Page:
Mary Van Buren

Van Buren


Construction is one of the largest economic sectors in Canada, driven in part by the global demand for natural resources and the urgent need to modernize Canada’s infrastructure.


The industry employs close to 1.5 million people and generates about $140 billion to the economy annually, accounting for 7 per cent of Canada’s gross domestic product (GDP). Construction, in many ways, is the backbone of the Canadian economy.


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As the national voice of the construction industry, the Canadian Construction Association (CCA), representing more than 20,000 member firms drawn from 63 local and provincial integrated partner, is asking the federal government to invest in programs that will keep this sector healthy and competitive.


Canada needs a large and steady supply of qualified labour, but the industry is facing a serious workforce shortage with 22 per cent of workers set to retire over the next decade.


The BuildForce Canada research organization recently reported that 261,000 construction workers are expected to retire within the next decade, exceeding the number of new recruits of 221,300 by nearly 40,000. The 4 per cent increase in labour demands means that the construction industry will need to hire about 80,000 men and women.


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Attracting new talent isn’t optional. The need for new workers who are capable, tech-savvy and innovative cannot be overstated yet the construction industry is not seen as an employer of choice, open to all. It is imperative that a strategy be developed aimed at recruiting, retaining and re-training a diverse, skilled and tech-savvy workforce. Research is needed into perceptions of what a career in construction means for youth, Indigenous groups, women, new Canadians and other under-represented groups.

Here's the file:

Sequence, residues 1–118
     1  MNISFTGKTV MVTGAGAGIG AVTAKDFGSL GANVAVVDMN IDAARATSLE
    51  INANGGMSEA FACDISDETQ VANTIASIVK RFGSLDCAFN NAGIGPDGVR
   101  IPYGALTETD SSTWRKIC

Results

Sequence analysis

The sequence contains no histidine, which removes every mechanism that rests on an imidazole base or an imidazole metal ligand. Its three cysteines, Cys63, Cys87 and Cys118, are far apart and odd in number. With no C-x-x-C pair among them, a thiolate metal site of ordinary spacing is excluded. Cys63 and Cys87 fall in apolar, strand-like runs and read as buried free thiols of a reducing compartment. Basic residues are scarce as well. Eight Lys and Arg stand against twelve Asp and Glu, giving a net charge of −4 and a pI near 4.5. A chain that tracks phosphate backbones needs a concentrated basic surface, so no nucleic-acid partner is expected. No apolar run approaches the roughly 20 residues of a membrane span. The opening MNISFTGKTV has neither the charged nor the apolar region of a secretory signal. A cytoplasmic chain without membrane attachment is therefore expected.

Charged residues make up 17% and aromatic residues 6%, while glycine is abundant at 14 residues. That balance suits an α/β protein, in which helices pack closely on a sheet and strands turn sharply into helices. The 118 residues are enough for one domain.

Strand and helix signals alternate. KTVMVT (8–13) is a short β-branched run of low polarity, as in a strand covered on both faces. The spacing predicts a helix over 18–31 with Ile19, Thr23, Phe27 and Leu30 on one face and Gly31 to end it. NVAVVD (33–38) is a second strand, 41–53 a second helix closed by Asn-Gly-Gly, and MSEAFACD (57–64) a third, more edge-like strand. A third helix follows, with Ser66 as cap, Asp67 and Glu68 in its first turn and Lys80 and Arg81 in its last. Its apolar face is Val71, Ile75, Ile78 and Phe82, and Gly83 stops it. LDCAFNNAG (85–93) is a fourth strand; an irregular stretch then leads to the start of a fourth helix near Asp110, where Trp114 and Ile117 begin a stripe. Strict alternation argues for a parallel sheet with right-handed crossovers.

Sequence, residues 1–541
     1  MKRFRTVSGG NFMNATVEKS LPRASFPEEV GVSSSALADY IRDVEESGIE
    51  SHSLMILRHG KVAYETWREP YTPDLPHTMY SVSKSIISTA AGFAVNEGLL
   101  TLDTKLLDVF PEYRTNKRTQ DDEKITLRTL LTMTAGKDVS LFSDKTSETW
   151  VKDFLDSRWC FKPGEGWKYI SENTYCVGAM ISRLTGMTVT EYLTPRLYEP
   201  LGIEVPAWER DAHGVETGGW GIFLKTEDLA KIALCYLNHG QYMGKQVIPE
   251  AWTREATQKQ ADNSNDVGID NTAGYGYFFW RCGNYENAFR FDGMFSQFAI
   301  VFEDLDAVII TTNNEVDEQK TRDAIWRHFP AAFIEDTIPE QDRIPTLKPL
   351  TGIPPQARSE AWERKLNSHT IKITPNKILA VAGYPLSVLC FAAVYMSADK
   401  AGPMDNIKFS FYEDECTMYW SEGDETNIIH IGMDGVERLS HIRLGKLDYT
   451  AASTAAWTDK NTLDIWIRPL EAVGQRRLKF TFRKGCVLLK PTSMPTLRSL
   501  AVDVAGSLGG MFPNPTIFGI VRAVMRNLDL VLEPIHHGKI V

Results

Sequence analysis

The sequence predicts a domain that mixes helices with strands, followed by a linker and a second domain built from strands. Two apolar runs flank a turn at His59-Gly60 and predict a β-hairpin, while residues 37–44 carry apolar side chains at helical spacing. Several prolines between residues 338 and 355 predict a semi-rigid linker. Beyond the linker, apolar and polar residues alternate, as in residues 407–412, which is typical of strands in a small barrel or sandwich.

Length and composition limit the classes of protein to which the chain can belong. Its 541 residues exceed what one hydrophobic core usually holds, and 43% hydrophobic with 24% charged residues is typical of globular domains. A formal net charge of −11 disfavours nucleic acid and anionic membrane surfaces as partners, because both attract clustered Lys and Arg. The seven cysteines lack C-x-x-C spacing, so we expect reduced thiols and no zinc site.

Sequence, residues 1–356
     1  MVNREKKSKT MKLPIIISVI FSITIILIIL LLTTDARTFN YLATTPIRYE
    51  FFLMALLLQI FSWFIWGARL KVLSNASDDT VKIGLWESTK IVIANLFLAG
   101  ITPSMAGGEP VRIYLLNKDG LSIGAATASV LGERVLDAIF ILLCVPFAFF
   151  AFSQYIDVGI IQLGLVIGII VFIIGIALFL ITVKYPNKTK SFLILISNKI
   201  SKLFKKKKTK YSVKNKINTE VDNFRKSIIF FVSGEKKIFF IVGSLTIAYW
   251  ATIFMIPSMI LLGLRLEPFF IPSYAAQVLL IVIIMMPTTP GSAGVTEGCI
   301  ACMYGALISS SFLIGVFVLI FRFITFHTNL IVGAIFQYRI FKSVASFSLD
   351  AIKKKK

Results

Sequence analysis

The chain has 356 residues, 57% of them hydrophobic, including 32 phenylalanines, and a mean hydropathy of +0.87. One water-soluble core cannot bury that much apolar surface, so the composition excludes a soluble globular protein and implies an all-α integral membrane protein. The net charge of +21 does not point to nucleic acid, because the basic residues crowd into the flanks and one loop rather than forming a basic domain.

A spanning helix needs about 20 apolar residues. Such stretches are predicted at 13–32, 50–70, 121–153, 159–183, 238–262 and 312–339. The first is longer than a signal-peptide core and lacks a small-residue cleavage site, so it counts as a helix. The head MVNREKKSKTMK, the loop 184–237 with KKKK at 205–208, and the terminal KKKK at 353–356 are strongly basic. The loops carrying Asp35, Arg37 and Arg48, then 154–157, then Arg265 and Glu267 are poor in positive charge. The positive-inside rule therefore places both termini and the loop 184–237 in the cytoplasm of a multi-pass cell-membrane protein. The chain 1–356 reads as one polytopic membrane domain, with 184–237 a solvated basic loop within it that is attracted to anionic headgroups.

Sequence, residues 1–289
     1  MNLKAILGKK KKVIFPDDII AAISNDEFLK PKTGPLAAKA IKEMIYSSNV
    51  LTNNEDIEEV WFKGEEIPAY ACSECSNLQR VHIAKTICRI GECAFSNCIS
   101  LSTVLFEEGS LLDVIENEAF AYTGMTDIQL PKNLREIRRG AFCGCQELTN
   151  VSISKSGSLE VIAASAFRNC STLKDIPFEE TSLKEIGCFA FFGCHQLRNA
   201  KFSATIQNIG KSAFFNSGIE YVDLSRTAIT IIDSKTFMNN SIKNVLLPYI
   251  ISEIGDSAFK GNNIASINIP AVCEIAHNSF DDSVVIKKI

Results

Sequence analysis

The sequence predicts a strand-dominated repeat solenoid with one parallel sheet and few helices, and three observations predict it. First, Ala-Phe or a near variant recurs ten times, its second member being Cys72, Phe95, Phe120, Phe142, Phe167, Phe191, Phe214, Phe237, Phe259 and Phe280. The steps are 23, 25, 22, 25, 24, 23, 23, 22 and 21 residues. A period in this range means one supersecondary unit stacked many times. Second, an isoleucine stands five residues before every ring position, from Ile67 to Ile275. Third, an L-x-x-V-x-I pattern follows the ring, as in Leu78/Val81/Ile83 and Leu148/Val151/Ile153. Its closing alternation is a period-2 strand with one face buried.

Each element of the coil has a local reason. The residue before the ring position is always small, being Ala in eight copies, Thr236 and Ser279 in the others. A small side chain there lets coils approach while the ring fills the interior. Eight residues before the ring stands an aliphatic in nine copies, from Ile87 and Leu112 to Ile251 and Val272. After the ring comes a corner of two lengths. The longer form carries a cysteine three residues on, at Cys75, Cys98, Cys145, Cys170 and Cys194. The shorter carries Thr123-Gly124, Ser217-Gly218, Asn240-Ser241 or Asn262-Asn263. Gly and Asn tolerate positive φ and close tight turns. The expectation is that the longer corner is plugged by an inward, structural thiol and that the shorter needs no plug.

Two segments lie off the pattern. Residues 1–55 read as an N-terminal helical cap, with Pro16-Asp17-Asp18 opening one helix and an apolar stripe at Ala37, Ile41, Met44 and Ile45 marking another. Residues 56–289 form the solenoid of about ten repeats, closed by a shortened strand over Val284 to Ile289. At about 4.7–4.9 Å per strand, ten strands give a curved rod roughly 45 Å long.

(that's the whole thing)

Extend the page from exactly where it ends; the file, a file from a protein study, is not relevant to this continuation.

CCA has been doing its part by developing a national strategy with measurable impact to re-position the image of the industry and attract and retain the workforce of tomorrow. The strategy was guided by an advisory working group with expertise in recruitment, retention and research of under-represented segments such as women, youth and Indigenous or new Canadians.


Individual employers and construction associations have also been working with schools and institutions to spark interest in construction as a viable career opportunity.


To amplify these individual efforts, CCA has requested funding from the federal government in its Student Work-Integrated Learning Program (SWILP) application to place students from across Canada in construction-related work terms, gaining valuable experience and exposing them to exciting career opportunities. The government has an opportunity to work with industry in this area rather than create legislation, such as community benefits requirements.


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The numerous charitable initiatives undertaken by our members in their local communities and CCA’s long-term implementation of a diversity strategy is a signal of our commitment to community benefits without the need for a formal legislative lens. Specific legislation or regulations have the potential to threaten the fair and competitive bidding process on federal government contracts and tenders.


CCA believes passionately in the sustainability and vitality of Canada’s construction industry and the industry’s pivotal role in building a better Canada. The industry not only provides jobs, but lifelong careers, injects socioeconomic opportunities and life into a community, and creates infrastructure critical to keeping the country moving forward.


The world is changing, and the industry is changing with it. We are embracing these new challenges and we need to work together in order to successfully compete in the war for talent.



Mary Van Buren is president of the Canadian Construction Association (CCA).



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